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Higher Level Thinking from LHTH to RTR

Heart of Dakota - Dear Carrie
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How do you encourage higher level thinking in Little Hands to Heaven through Resurrection to Reformation?

Dear Carrie,

Can you please share with me in what ways you feel Heart of Dakota encourages higher level thinking? I am defining higher level thinking as thinking/reasoning/discerning for yourself. My children will be using guides ranging from Little Hands to Heaven (LHTH) through Resurrection to Reformation (RTR). As I look ahead to the older guides, I can clearly see you encourage higher level thinking. I looked at the younger guides’ book titles. The titles don’t show as readily how you encourage higher level thinking. I’ve heard Heart of Dakota (HOD) encourages higher level thinking at all levels. I love that! I want my children to learn to do this. How do you encourage higher level thinking before seventh and eighth grade? I appreciate your taking the time to answer!

Sincerely,

“Ms. Please Explain How You Encourage Higher Level Thinking in Younger Guides”

Dear “Ms. Please Explain How You Encourage Higher Level Thinking in Younger Guides,”

This is a good question, and one that I haven’t had time to thoroughly answer before now! First off, it’s important to note that in order to think on a higher level, kiddos first need some basic knowledge about the Bible, history, science, reading, math, the flow of time, etc. So, this is an important consideration in the younger years. It is very important to lay this foundation of basic knowledge. Kiddos must have this basic knowledge before they jump into coming up with their own conclusions and answers. Within Little Hands and Little Hearts, we strive to lay a good foundation in all subject areas. This is the most important consideration in the younger years. We continue to build on this foundation throughout the coming guides.

Higher Level Thinking in Beyond Little Hearts for His Glory

As kiddos move into Beyond Little Hearts we begin broadening their horizons through reading and examining classic poetry, discovering the point of various Scriptures, composing oral narrations, and through deeper discussion of literature through the storytime part of the plans — and later more in-depth in Drawn into the Heart of Reading (DITHR). Children move beyond thinking one right answer. Instead, they begin to think more deeply about what they read or heard read. The Emerging Reader Set also has questions with the level of Bloom’s Taxonomy noted behind each one. So, you can easily see where the higher levels of thinking are coming in there! The Bible portion at times does lend itself toward one-right answers from Scripture. However, that is to be expected as the Scripture does clearly set forth a right answer in God’s eyes.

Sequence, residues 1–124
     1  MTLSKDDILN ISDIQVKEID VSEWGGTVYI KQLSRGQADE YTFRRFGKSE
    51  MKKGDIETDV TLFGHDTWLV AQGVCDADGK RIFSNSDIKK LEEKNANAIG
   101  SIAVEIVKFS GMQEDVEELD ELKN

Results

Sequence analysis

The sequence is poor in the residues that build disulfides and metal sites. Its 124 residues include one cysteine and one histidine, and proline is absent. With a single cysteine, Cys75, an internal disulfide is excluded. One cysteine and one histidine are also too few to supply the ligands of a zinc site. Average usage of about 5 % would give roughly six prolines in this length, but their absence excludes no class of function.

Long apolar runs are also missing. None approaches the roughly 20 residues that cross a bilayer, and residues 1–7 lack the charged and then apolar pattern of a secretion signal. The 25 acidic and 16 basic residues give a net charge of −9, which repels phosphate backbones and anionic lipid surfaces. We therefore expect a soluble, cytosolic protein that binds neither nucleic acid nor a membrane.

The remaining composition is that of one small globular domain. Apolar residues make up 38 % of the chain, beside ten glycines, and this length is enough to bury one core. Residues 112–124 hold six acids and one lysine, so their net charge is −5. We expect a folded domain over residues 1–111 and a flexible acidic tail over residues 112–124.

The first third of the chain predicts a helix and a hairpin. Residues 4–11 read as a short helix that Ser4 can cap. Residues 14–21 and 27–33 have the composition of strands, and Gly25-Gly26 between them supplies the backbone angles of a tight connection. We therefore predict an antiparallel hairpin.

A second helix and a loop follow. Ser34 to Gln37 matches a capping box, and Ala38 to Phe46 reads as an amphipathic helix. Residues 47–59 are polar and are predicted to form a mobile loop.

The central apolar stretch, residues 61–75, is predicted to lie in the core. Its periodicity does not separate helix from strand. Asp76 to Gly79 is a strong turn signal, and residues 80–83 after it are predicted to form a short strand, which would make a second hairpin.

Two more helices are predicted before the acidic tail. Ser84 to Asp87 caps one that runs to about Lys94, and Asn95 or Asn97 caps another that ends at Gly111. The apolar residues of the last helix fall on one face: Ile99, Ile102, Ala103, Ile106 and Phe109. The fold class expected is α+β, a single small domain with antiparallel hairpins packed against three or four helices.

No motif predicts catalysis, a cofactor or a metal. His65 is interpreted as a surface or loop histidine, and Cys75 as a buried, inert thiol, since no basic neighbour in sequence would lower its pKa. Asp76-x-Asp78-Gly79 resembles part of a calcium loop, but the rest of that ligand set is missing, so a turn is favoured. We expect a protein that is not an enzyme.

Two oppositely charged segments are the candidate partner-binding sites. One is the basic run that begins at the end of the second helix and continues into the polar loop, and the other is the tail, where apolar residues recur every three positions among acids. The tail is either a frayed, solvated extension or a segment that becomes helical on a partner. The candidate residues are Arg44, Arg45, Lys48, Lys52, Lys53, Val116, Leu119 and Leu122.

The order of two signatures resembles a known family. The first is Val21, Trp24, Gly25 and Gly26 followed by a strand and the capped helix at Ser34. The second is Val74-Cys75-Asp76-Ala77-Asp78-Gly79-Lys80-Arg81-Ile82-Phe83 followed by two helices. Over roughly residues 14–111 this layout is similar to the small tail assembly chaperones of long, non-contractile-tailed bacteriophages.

Higher Level Thinking in Bigger Hearts for His Glory

As kiddos move on to Bigger Hearts, we add more application and opportunities to develop higher-level thinking through DITHR and its open-ended questions asking the child to delve beneath the surface of what was read and make connections. The additional literature study through the storytime box of plans is mainly higher level as well (i.e. as it applies discussion of Godly character traits, story elements, and genre study lessons to the readings).

We also add oral narration practice to science as well as history. Students then can elaborate upon what they heard. Higher level questioning applies Scripture to history for students to use inference to draw conclusions as well as having students share connections to their own lives through the study of Godly character traits. Science Lab Forms expect students to make their own guesses, test them, and propose their own conclusions. We also ask kiddos to prove their understanding of vocabulary words by using them within their own sentences each week. In a deeper study of classic poetry and poetic devices, students explain the meaning of the poems and the way the poetic devices are used.

Higher Level Thinking in Preparing Hearts for His Glory

In Preparing Hearts, as kiddos gain a firmer founding in knowledge, they move toward more critical thinking. The Reading About History box labels questions according to Bloom’s Taxonomy to make sure all levels of thinking are addressed. Through guided lessons in written narrations, students compose their own thoughts in a written form. They share their own connections, as they sift and sort through what to share from the readings. In Storytime narrations, children “imagine they are” the character and narrate in that style. They also discuss the character’s faith (or lack of faith) and appraise the role it may have played in the story. Additionally, students share something from their own life that came to mind during the readings. Then, they initiate a discussion on their own topic that the reading brought to mind.